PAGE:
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Tree of Life

[Rating: 4.5/5]

When I was in college, I had a few friends who were art majors.  Because of them, I learned how to appreciate and interact with art, often in gallery settings.  I learned that, when interacting with the majority of art, whether it be painting, sculpture, dance, or whatever, the right question isn’t “what am I seeing?” but “how does what I’m seeing make me feel?”  How do I respond and interact with this bit of light or movement or color in front of me?  The majority of art attempts to get beyond the rational and speak to a different part of our minds…or souls.  If that’s not what you’re about as an artist, I think you’re just painting pretty pictures.

I bring this up because relating to a Terrence Malick film– and this Terrence Malick film, “Tree of Life,” in particular–felt a lot more like a trip to the gallery than a night at the movies.  I find this to be very unusual, and startling.  Most movies – mainstream, indie, artsy or otherwise – are primarily concerned with telling a story, and I think that act alone sets them apart from the kind of art I described above.  Narrative structure, after all, is a rational construct, and a story is a way of making sense of the world.  Movies are a powerful form of expression, but they aren’t art in the same way a Rothko painting, or a Beethoven symphony, are.

Watching “Tree of Life” is a challenging experience.  “Just don’t leave,”  the theater usher pleaded with me as he tore my ticket.  “Lots of people do.”  But I was transfixed by the screen like I have rarely been.  Because it eschews narrative structure almost entirely, “Tree of Life” is an almost impossible film to describe.  I would say, humbly, that I think it’s about God.  Malick has built a rumination about the Supreme Being that incorporates everything that comes to mind when the subject is brought up.   Remember that terrible Dishwalla song “Counting Blue Cars,” the one with the chorus that starts “Tell me all your thoughts on God/’Cuz I’d really like to meet her”?  Malick took it seriously.  Here, in grand scope, are all his thoughts on God.   Prepare yourself.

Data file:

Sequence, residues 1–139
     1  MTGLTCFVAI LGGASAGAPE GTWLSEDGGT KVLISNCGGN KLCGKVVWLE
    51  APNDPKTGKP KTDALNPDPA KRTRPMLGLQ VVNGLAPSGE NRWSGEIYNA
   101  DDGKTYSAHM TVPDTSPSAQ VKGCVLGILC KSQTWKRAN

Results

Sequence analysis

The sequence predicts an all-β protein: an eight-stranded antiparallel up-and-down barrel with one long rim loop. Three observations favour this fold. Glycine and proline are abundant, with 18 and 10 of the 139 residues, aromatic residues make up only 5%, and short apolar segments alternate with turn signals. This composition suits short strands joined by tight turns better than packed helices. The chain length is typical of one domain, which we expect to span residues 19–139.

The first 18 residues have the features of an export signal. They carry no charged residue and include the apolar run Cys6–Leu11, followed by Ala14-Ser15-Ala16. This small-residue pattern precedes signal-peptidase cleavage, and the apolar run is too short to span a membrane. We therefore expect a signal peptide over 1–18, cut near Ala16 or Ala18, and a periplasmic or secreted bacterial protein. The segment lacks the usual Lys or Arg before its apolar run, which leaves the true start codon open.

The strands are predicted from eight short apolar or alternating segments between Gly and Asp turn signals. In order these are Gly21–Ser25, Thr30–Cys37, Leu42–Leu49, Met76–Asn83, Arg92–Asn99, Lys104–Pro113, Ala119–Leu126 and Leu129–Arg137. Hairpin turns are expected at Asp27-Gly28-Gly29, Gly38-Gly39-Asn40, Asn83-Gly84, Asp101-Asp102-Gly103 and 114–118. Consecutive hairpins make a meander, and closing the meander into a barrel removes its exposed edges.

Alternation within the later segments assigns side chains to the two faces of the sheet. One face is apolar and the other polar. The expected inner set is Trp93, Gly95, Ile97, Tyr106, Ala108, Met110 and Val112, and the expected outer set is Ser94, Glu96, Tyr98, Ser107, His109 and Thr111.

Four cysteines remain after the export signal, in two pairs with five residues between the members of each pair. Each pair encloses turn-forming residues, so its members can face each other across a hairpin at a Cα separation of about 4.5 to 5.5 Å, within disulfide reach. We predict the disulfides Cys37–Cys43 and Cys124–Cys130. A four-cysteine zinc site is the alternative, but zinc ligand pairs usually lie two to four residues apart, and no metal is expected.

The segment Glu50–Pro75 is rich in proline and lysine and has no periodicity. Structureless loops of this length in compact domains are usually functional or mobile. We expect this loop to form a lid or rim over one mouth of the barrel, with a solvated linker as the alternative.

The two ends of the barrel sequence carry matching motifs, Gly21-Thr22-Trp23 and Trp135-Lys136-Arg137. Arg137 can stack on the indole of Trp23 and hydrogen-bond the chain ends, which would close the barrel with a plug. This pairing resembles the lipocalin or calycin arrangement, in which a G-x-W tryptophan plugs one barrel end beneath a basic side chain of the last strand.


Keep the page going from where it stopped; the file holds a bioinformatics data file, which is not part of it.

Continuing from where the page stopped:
“Tree of Life” incorporates everything a rumination on God ought to, from the origins of the universe, to the existence of suffering, the immensity of space, the insignificance of man within that space, the significance of man within his own mind.  It’s about grace and discipline; anger and love; mothers and fathers.  There are dinosaurs, and traumatic deaths, and lots of Malick’s signature shots of light pouring over fields, plants, and trees.

It gets closest to feeling like a “normal” movie in its middle sequence, about a young boy in the ’50s, and his relationship with his father, mother, and brothers.  Brad Pitt plays the father, and continues to firm up my belief that he is one of the finest, if not the finest, actor of his generation.  He plays him as a strict disciplinarian with a lot of anger and hidden security; he is determined to raise his boys to be something, because he believes that he is nothing.  The boys hate and fear him; they also love and respect him.  But this movie isn’t about fathers and sons; it’s about God and us, and this section seems to be saying “my father was like this, and now I see God this way…” or something along those lines.

It’s an almost impossible film to explain, describe, or say anything definitive about.  It’s impressionistic, it’s beautifully crafted, it’s a masterpiece.  I think part of what makes it so hard for me to write about is that it demands a personal response; I was deeply moved by it, in a number of ways.  I think if you go into it ready to meet the challenge it presents, there is no way you won’t be deeply moved by it.   It’s a masterpiece of filmmaking, a work of art in the highest sense, and a film that shouldn’t be missed.

One last note:  see it in a quiet theater if at all you can.  This film so demands – and rewards- your attention and total engagement that I can’t imagine it being a very satisfying experience to watch it on DVD while trying to pay your bills and keeping an eye on the laundry.  There are very, very few films these days (or ever) that really justify the cost and inconvenience of the theater, but “Tree of Life” definitely does.

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